This would have to be plotted by someone who knows (a) the Agency and (b) Hoekstra and (c) How weak has been the Administration response to this perfidy--someone like Goss, for example.And since he has a particular dog in the Kappes fight.........

crosspatch

I was mainly trying to answer the "Who's ever even heard of him? Besides, do these folks even want a CIA? For what purpose?" question.

He is quite well known in the intelligence community. I believe he was responsible for discovering Iran's clandestine nuclear activity. The guy is an expert and apparently very good in exactly the kind of work the CIA is being reconfigured to do as its main line of operation. Much of the other work is being farmed out to other groups.

CIA being reconfigured to be a HUMINT heavy organization, you want a person who understands HUMINT near the top. Hayden is a career IC officer who as a military man, has little alignment with the political parties. He has been successful under administrations of both parties.

crosspatch

Carice,

I believe the purpose of the NYT article is simply agitation. They don't link the document to the specific incident that precipitated it and attempt to broaden the scope of it generally. They will publish anything and everything they can get which is negative toward the administration in some way.

The idea here is to further their agenda of portraying the Bush administration as undertaking all kinds of "illegal" activities in their desire to Nixon-ize Bush.

clarice

You may be right, crosspatch..Mac's sources say the same thing. The problem is that all these sources are in the agency which I am sorry to say no longer has a whit of credibility with me.

crosspatch

It is going to take a while to weed them out. One "blessing" is that most of the partisans seem to be in the Directorate of Intelligence and a lot of those folks are apparently being farmed out to other groups as the DI as it has been known ceases to exist. Their ability to do as much damage in the future will be severely limited. The primary analysis of information obtained from the various agencies will now be done at DNI, not CIA. As CIA will no longer be the central collection place for national intelligence policy, both their access to quite a bit of the information and their ability to skew analysis at the national lelvel will be limited. They are simply being taken out of a great big box of information and being farmed out to lots of smaller boxes.

And to add some to the NYT thing, what they have done is taken a document written when Hoekstra was trying to gain access to certain programs using such words as "illegal" to prod the IC into handing over information and spun it as some kind of ongoing concern. So the real events were something like "hey, we found out about this , give us the scoop or you might be illegally keeping information from us" to which the administration (or really, some group withing the intelligence community which is technically under "the administration" but who might not be acting in this case under direct Bush administration orders to keep this from congress, it was probably an operational consideration) replies "Sorry, here you go. This is ongoing so we can't let all the beans spill, but here is the gist of it, sorry for the trouble" and then Hoekstra says "okay, thanks, don't let it happen again, case closed). But the NYT doesn't put the document into context and portrays this as referring to stuff in the general sense and makes it appear as if there is some ongoing problem.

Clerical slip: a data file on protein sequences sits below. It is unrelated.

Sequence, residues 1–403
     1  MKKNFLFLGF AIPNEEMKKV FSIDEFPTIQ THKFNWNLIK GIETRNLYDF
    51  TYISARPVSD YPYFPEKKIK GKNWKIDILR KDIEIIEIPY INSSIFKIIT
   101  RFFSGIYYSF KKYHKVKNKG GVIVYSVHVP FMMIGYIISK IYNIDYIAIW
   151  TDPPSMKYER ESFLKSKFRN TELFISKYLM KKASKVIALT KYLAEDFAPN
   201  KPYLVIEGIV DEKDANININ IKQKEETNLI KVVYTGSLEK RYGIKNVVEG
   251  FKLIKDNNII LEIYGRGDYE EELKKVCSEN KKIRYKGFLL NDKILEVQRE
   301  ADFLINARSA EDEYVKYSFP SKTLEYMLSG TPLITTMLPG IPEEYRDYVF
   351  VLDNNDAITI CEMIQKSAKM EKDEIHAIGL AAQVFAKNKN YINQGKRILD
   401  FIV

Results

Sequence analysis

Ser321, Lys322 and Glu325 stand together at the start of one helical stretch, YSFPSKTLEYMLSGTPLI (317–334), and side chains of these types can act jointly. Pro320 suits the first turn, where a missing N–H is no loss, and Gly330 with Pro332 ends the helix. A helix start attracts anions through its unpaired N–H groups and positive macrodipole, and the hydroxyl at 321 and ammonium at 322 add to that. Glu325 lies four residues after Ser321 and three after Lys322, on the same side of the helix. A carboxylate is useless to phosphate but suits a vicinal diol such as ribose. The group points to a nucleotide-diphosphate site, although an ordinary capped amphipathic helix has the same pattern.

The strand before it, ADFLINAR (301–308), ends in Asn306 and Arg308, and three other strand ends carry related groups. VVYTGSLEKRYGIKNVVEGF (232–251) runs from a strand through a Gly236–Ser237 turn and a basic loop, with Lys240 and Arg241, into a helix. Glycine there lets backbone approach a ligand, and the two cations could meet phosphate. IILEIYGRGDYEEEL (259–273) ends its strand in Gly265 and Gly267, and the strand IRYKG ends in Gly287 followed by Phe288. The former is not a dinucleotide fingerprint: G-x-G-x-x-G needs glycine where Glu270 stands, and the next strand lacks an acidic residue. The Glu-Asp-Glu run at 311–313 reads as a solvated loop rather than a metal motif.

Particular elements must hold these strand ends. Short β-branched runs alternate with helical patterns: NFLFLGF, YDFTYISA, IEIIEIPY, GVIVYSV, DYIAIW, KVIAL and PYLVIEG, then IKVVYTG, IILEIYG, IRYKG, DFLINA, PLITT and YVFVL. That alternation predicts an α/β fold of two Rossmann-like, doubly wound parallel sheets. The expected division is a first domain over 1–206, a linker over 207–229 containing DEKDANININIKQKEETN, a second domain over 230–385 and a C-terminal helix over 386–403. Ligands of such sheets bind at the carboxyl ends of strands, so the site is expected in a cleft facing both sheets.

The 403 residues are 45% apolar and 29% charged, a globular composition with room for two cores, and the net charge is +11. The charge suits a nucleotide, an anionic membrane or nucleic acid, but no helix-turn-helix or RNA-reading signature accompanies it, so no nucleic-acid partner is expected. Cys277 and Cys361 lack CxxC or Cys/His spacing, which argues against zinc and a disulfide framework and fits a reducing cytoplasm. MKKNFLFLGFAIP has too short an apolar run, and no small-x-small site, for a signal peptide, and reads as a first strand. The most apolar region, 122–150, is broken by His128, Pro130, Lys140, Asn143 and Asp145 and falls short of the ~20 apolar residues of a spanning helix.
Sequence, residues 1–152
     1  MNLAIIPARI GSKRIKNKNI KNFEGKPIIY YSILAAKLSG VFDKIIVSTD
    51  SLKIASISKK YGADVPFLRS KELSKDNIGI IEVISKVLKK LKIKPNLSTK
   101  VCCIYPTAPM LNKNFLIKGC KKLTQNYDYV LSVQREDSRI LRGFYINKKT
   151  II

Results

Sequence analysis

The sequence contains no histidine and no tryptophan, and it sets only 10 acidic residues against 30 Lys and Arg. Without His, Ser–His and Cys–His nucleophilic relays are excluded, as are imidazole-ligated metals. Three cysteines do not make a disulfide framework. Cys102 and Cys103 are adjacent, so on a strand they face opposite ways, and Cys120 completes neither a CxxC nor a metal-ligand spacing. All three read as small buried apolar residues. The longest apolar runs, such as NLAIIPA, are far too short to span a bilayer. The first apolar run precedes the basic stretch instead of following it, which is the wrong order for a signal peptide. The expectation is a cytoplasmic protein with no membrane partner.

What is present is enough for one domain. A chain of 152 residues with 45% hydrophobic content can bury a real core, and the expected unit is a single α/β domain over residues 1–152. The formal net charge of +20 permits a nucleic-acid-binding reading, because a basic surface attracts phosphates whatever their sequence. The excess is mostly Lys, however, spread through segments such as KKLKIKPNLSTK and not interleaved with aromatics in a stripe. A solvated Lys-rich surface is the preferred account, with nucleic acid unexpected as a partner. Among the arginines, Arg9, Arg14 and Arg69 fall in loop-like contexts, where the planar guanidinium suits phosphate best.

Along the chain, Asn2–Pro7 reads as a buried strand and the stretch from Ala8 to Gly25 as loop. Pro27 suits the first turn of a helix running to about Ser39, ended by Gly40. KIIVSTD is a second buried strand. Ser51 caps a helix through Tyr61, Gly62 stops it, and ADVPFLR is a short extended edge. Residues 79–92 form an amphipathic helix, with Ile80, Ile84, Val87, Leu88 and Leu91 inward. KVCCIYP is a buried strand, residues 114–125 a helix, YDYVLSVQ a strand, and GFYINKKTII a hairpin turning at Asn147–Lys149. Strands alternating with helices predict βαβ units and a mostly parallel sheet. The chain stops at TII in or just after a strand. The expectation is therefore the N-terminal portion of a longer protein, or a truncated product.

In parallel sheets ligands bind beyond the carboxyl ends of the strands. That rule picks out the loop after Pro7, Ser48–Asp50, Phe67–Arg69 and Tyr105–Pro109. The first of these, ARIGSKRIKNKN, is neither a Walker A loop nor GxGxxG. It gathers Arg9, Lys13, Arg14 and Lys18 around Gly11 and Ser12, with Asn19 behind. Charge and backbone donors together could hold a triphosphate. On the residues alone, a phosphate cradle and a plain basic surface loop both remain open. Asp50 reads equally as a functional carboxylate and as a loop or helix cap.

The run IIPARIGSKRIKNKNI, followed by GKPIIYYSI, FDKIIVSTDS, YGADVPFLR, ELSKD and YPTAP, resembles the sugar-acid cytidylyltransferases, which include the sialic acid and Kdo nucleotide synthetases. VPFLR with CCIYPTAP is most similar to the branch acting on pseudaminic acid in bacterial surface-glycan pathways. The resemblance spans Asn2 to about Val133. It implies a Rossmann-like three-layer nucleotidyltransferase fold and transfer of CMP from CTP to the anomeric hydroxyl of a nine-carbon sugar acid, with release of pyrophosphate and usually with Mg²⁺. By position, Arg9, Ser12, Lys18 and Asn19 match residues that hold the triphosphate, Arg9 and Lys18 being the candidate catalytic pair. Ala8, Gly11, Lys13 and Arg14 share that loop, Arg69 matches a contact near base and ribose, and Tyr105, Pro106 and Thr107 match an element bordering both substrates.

I would be interested in hearing the Senator from Michigan's take on the article.

Tony LaVanway

What is the C.I.A's position, on using the
relatives of employees,for unpaid,
Intelligence gathering missions?

It's been bugging me for awhile.

Also, would'nt the Agency, ask for a
confidential agreement from, Wilson, before
he left the states?

Thanks,
Tony LaVanway
South Haven ,MI

Syl

And then, after Hoekstra released what he had and asked for a full declassification (everyone who's seen it says the still classified stuff is very damning), some guys in DoD poohpoohed it.And the doc remains classified.

Which makes you wonder if the guys in DoD poohpoohed it in order to keep it classified. The revelations may harm some international 'partners' as well as put our troops in danger.

crosspatch

Which makes you wonder if the guys in DoD poohpoohed it in order to keep it classified. The revelations may harm some international 'partners' as well as put our troops in danger.

Yeah, that's where I am too.

Redcoat

Syl,

The revelations may harm some international 'partners' as well as put our troops in danger.

The Russians are in at least as deep with the Iranians as they were with Saddam,Putin is in a very strong position in terms of being able to influence the Mullah's.

Whatever Saddam had in unconventional stocks
was mostly Russian or Soviet in origin,what has been found,or moved can be traced directly back to them.

From the Administrations standpoint,it is probably best not to mention past indiscretions.

Not that the Russians will help us with Iran,but they could make things much,much worse if they had a mind to.

clarice

Syl, I suspect it has damaging information to France and Germany and Russia .
Tony, I think by not putting Joe on the payeoll and paying him only expenses, Plame avoided detection and the nepotism rules. As for why he wasn't forced to sign a non-disclosure agreement, I've never seen any sensible explanation and so I've drawn myown conclusions--it was planned.